@user.should have_many(:projects, :source => :project, :through => :project_assignments, :order=>"projects.name")
  end

end

Example output:

A User
- should validate presence of first_name
- should validate length of first_name
- should validate presence of last_name
- should validate length of last_name
- should validate presence of username
- should validate length of username
- should validate presence of email
- should validate length of email
- should validate presence of password
- should validate confirmation of password
- should validate presence of account_id
- should have a belongs_to association called :account
- should have a has_many association called :project_assignments
- should have a has_many association called :projects

Written by spicycode

April 1, 2007 at 5:55 pm

Posted in programming

Tagged with , ,

oooh shiny! rspec extensions for activerecord validations

I’m currently in waiting for rubyforge approval limbo for my new rspec extensions project but I figured I would post about it anyway.

Step 1 – Identify something that annoys you

  • In this case repeatedly writing validation specifications

Step 2 – Fix a problem

  • Write gem to package up solution…in this case spicycode_rspec_extensions

Step 3 – Profit?

  • Ok, so no step three, but it sounded good at the time.

So what does it do?

I started out with the simplest cases I was repeating basing it off of David’s excellent post about custom expectation matchers, more will come later. See the awe-inspiring and mind boggling (well, at least mind boggling) examples below. This does require rspec 0.8.2 or above.


context 'A User (when validating)' do
  ...
  setup do
    @user = User.new(valid_user_attributes)
  end

  specify do
    @user.should require_presence_of :first_name
  end

  specify do
    @user.should require_confirmation_of :password
  end
   ...
end

After running you will get output like the following thanks to RSpec’s automatic naming abilities


A User (when validating)
- should validate presence of first_name
- should validate confirmation of password

Finally, if something were to not match it will print out what was wrong with the object (the objects current errors).

Recap?

Well hopefully some of what I said made sense to someone 🙂 I’ll be pushing the gem up to ye olde ‘forge as soon as the project approval comes through.

Written by spicycode

March 19, 2007 at 5:56 pm

Posted in programming

Tagged with , ,

SpicyCode Rspec Extensions are a go for launch

We are go for launch, the ‘forge has approved us. You should see my rspec_extensions gem up today on RubyForge.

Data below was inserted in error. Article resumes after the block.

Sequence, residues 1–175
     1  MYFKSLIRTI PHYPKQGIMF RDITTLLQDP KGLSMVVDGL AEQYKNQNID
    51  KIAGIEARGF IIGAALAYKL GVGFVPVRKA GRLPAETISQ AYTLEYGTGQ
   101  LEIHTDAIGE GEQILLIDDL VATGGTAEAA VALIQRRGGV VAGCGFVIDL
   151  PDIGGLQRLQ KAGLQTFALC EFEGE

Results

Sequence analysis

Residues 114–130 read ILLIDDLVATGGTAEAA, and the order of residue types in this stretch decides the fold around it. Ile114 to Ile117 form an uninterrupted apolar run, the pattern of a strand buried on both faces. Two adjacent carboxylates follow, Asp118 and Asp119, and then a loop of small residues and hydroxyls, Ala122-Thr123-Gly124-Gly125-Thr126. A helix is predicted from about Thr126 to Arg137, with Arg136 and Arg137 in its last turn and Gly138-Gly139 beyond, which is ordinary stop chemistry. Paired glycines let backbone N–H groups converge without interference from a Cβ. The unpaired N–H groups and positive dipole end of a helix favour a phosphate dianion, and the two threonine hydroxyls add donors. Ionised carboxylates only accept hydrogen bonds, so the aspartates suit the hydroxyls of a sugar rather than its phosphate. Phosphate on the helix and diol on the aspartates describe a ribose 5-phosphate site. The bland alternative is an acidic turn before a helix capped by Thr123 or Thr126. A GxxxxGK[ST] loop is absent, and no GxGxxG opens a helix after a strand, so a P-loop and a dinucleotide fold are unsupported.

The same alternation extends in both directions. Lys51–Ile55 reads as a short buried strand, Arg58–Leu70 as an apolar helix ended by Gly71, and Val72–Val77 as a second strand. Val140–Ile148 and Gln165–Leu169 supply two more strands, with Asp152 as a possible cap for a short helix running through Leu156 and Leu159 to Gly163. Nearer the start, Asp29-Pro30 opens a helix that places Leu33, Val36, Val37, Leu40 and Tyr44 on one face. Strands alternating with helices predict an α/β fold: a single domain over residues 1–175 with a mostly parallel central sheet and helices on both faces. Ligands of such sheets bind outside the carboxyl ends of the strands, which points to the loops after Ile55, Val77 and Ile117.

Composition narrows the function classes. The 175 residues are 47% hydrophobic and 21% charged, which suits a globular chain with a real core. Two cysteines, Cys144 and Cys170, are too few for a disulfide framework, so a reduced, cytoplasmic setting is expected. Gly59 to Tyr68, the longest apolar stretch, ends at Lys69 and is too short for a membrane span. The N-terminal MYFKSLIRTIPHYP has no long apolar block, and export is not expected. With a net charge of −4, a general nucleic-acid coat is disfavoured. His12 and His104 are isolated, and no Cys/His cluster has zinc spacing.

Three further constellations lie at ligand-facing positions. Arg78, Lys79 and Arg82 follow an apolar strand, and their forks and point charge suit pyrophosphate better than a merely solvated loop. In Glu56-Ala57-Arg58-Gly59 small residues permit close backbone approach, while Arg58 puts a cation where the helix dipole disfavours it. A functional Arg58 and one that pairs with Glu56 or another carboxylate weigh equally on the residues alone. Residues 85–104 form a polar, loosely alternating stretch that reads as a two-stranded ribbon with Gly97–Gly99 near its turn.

Written by spicycode

March 19, 2007 at 5:55 pm

Posted in programming

Tagged with ,

Custom expectations in rspec (pre 0.8.0)

Nothing special, just a simple helper I threw together a while back. It is used in model tests to verify that a column is required. A few usages follow. Note: this will be completely replaced in rspec 0.8.0 by custom expectation matchers. But I’ve had this one around for a while in one form or another, so I figured I’d post it up in case it helps anyone.

The code

 1   def should_require_attribute(model, attrib_name, error_messages=[], invalidvalue=nil)
 2     # Collect the valid value
 3     valid_value = model.send(attrib_name)
 4     error_messages = error_messages.to_a.sort
 5     
 6     # Set it to nil
 7     model.send("#{attrib_name.to_s}=", invalid_value)
 8 
 9     model.should_not_be_valid
10     model.should_have(error_messages.size).errors
11     model.errors.on(attrib_name).to_a.sort.should == error_messages
12     
13     # Put things back where you found them
14     model.send("#{attrib_name.to_s}=", valid_value)
15     model.should_be_valid
16   end

Usage

 1 # Simple case
 2 specify "should be invalid without state" do
 3    should_require_attribute(your_model, :state, "is required")   
 4 end
 5 
 6 # More than one error expected
 7 specify "should require a valid email address" do
 8    should_require_attribute(your_model, :email_address, ["is required", "should be a valid format"])   
 9 end
10 
11 # Invalid value other than nil
12 specify "should require a non .gov email address" do
13    should_require_attribute(your_model, :email_address, "can't contain .gov domains", "bigbrother@government.gov")   
14 end

Written by spicycode

February 23, 2007 at 6:00 pm

Posted in programming

Tagged with , ,

RSpec 0.7.4

Not much to say other than fire up your terminal of choice and type:

sudo gem update

Get some goodness with the new RSpec 0.7.4. This release polishes many of the new in-transit features of 0.7.x and adds Luke RedPath’s awesome new html report.

You can read the full changelog here.

Written by spicycode

December 3, 2006 at 6:33 pm

Posted in programming